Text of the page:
• Employers can designate as statutory holiday periods of time where the employee is not normally required to work, such as field-breaks spent onshore by offshore workers or school holidays for teachers.

In contrast, days which are part of the seven day weekly cycle but which are not normally worked (eg weekends) cannot be designated as holiday. (Russell v Transocean International Resources, Ct of Session.)

The decision is not strictly binding on the English EAT but will be highly persuasive.

  • Employers may not have to top up PHI benefits where employees on PHI take statutory holiday.

Employees who take holiday while on PHI are only entitled to pay calculated using their PHI payment level (often 50% of salary) and not their previous, full salary, according to a recent tribunal decision. It reasoned that the employee had had her contract permanently varied to the new lower salary level provided by the PHI payments. The issue of whether PHI payments made by the insurer can properly be set off against the employer's obligation to pay holiday pay was not argued.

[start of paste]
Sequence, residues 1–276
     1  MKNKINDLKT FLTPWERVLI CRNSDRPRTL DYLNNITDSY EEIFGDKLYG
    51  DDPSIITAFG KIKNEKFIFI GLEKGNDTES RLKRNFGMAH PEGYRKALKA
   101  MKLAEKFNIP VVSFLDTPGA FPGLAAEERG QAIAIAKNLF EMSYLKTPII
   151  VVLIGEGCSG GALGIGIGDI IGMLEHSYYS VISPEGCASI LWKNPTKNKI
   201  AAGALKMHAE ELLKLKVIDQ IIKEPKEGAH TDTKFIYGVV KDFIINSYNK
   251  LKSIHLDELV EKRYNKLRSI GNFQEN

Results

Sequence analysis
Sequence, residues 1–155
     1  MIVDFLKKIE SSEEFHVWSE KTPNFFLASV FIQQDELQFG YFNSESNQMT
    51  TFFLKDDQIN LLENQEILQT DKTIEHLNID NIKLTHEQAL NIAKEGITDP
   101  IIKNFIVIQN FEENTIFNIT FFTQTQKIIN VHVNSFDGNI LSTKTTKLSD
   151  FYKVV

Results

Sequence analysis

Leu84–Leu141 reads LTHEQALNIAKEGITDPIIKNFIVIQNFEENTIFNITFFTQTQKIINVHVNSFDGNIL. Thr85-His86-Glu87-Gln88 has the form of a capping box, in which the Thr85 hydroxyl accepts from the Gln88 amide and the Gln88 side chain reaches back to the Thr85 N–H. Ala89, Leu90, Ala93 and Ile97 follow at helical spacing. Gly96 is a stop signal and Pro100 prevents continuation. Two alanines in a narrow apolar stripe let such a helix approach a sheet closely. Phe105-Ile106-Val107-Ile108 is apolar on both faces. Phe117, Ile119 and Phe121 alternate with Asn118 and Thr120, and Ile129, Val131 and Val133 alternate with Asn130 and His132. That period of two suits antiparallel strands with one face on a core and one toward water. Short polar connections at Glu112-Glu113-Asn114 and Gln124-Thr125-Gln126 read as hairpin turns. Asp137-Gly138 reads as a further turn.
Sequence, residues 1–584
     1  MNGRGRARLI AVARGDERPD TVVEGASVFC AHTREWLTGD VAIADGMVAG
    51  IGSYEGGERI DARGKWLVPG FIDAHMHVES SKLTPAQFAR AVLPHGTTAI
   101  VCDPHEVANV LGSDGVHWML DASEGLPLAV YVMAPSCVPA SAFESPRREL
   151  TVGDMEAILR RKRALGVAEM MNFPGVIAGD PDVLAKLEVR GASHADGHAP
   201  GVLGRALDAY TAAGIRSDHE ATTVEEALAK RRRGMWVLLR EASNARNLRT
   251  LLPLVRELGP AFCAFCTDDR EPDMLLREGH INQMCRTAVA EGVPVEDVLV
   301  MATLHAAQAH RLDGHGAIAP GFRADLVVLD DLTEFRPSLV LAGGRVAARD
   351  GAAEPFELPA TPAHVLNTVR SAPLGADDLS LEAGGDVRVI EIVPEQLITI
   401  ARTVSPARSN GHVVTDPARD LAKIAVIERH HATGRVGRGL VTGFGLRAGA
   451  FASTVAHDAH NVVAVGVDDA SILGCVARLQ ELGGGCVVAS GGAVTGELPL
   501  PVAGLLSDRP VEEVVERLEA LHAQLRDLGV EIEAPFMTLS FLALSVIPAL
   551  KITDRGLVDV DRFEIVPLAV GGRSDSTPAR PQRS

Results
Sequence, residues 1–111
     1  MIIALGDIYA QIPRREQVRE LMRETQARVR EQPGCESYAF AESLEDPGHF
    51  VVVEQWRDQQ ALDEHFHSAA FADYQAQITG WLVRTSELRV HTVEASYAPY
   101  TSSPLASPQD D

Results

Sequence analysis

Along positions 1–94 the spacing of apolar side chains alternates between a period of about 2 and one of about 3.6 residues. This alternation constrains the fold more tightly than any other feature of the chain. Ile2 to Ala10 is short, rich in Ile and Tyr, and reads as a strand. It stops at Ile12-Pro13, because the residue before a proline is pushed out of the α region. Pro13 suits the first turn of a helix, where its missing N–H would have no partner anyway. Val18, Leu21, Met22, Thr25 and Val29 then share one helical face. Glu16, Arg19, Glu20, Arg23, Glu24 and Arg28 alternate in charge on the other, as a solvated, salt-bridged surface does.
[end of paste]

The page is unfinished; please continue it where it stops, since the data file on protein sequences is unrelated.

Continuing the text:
The tribunal also agreed with the ruling in Kahn that employers can defeat unlawful deduction claims for prior years' untaken holiday by making a payment in lieu of holiday entitlement in the year of termination, and that untaken holiday is lost at the end of the year even if the employee was sick throughout and unaware of her right to take holiday. As set out in our e-bulletin on Kahn, there are arguments to the contrary and it is hoped that a higher tribunal will be asked to give guidance on these issues soon. (Souter v Royal College of Nursing Scotland, ET)